Why does NASA allow more male astronauts to stay in space than women? | Sciences

Why does NASA allow more male astronauts to stay in space than women?  |  Sciences

When women and men were exposed to high levels of radiation at the same time, women were twice as likely as men to develop lung cancer.

The Earth is surrounded every day by ionizing radiation coming from everywhere in the surrounding space. Ionizing radiation is high energy waves that can remove electrons from atoms in the body, and high levels of exposure radiation can cause disease and cancer.

Unfortunately, the presence of our planet’s magnetic field and atmosphere largely prevents this radiation – galactic cosmic rays from the Sun and exploding stars – from reaching life on Earth.

Unlike the International Space Station (ISS), which is still protected by the Earth’s magnetic field, it is outside the Earth’s atmosphere, so astronauts are exposed to high levels of ionizing radiation, which increases their risk of cancer. The course of their careers and their presence in space.

Women were more sensitive to ionizing radiation than men, especially to lung cancer (French).

Radiation dose limits, why are they different?

According to To report Published on the “Live Science” website, developed by me to protect astronauts from the dangers of radiation NASA Limits on radiation exposure have been in place since 1989; This determines how long astronauts can stay outside the Earth.

This maximum is not the same for women and men and varies according to their age. The incidence of cancers caused by radiation exposure varies with age and reproductive organs.

Accordingly, NASA’s female astronauts will not be able to spend the same amount of time as men on the International Space Station. This also applies to young astronauts who are too young to get cancer and cannot stay in space as long as their senior colleagues are.

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The cap is based on the total amount of radiation exposure that an astronaut is 3% more likely to die of cancer in his or her lifetime.

This risk is assessed on a scale based on age and gender, with a woman in her 30s having a minimum of 180 mSv of radiation in her career with the agency and a maximum of 700 mSv for a man in his 60s who has worked in the agency. Sewert is a unit for measuring the magnitude of nuclear radiation.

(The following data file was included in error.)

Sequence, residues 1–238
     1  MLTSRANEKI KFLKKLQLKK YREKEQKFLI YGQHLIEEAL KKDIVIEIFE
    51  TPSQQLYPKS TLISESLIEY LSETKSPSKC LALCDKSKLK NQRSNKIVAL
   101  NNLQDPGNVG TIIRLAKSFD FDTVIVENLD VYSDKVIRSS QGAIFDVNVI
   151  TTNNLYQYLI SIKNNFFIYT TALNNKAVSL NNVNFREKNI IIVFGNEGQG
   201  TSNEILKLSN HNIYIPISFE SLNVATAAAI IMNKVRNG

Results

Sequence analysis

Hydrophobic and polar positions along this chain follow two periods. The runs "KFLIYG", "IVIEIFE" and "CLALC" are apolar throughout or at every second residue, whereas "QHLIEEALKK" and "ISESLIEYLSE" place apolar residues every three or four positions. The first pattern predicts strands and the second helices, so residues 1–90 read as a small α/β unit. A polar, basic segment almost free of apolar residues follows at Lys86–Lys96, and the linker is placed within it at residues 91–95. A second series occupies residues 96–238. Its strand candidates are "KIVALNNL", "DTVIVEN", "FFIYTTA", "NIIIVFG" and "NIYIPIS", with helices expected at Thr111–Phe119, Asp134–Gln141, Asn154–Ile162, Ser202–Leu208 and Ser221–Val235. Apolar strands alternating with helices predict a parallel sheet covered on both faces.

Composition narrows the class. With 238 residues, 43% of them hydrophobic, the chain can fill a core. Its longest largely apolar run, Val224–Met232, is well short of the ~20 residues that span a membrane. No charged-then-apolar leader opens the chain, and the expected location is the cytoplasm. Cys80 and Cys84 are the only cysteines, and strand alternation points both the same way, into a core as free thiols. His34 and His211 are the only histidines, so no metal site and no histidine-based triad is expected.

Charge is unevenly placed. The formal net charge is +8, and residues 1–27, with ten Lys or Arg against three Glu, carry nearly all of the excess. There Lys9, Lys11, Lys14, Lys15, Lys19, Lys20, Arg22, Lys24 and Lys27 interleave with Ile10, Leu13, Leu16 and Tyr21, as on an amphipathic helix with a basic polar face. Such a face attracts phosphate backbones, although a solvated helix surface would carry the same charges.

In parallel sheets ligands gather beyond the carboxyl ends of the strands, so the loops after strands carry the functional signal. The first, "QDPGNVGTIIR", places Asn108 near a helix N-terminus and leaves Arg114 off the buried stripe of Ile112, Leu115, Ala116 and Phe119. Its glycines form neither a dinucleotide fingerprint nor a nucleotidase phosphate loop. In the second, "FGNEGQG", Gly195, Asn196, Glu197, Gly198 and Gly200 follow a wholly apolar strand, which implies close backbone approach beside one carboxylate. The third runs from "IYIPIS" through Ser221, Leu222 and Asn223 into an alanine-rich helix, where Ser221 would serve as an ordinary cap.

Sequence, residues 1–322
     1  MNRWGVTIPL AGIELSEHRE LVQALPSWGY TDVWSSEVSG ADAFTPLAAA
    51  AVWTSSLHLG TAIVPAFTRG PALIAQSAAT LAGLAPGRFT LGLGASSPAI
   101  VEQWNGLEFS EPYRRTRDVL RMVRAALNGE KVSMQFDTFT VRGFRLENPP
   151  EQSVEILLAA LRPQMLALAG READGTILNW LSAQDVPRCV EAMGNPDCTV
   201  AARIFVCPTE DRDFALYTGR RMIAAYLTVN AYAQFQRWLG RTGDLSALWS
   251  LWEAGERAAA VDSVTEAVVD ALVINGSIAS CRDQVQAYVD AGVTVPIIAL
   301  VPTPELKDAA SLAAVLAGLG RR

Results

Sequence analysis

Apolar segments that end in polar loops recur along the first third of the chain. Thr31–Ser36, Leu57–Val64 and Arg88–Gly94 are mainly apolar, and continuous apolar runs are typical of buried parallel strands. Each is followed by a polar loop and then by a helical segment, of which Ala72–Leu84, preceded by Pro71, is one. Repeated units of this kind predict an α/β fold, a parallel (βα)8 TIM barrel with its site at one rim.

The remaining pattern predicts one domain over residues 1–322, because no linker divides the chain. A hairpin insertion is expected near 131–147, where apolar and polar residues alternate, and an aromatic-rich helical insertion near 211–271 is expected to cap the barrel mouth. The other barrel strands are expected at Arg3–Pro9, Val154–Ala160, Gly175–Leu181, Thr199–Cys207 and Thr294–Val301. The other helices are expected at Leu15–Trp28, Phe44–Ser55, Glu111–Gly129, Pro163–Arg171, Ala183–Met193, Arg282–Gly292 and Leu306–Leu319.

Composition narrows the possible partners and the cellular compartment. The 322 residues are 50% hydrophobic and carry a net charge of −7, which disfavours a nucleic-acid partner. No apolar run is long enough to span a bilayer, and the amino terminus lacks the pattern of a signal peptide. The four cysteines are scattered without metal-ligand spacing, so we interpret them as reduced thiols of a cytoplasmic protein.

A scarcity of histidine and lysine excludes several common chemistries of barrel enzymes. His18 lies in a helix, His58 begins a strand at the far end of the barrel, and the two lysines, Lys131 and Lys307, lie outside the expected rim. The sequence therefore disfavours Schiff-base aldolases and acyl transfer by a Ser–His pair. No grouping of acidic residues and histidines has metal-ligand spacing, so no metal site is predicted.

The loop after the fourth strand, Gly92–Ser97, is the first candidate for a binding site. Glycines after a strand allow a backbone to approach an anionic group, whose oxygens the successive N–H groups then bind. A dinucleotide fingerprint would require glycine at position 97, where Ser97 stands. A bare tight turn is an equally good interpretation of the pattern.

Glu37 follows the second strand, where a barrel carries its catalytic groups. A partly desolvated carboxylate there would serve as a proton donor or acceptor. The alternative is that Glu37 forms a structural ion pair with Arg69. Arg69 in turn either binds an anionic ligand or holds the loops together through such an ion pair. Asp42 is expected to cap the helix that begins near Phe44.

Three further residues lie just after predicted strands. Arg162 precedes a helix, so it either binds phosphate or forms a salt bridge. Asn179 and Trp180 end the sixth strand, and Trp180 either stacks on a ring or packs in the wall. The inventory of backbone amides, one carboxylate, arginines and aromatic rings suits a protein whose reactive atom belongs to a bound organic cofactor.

NASA moves to limit functional radiation limit to 600 millisieverts for all astronauts of all ages (Reuters)

Job frustration for female astronauts

Those guidelines and radiation exposure limits set by NASA had real operational implications for female astronauts.

For example, in 2018, Peggy Whitson, the former head of the NASA Astronaut Corps – the first woman to command the International Space Station – was forced to retire at the age of 57 after pushing the boundaries of her career into radiation exposure. She publicly expressed her frustration with the radiation limits set by NASA for female astronauts.

However, NASA’s radiation limits are expected to change in the near future. NASA has asked a panel of experts convened by the National Academy of Sciences, Engineering and Medicine in 2021 to evaluate the space agency’s plan to convert the functional radiation limit to 600 milliseconds for all astronauts of all ages.

NASA set the limit for the most vulnerable individuals – women – by applying the agency’s agency for cancer risk early in their careers.

The dose of 600 mSv is translated into one astronaut’s contact in 4 missions of 6 months on the International Space Station.

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In other words, the average annual amount of radiation received by the average person on Earth is about 3.6 millisieverts, more than 300 millivertons per year on the International Space Station.

The new limit means that women can prolong their life in space (Getty Images)

Labor equality and a moral issue

Preston, who was vice chairman of the Expert Committee on National Academies for Assessing the Risk of Cancer in Manned Space Missions, says the new limit “will reduce the dose for certain groups of men, especially older men.” But it also means that women could expand their careers at NASA.

To achieve this job equality, Preston adds, women may receive higher doses than they are currently exposed to, although this has long been discussed as a moral issue, the impact of that slightly higher dose is difficult to balance. Equal employment opportunities for men.

NASA’s specific plan also eliminates occupational exposure limits for longer missions, such as missions to Mars, which expose astronauts to about 900 mSv.

In the event that NASA decides that this is a critical mission, NASA can avoid maximum exposure if there are certain astronauts who are critical to the mission and their occupational exposure to radiation.

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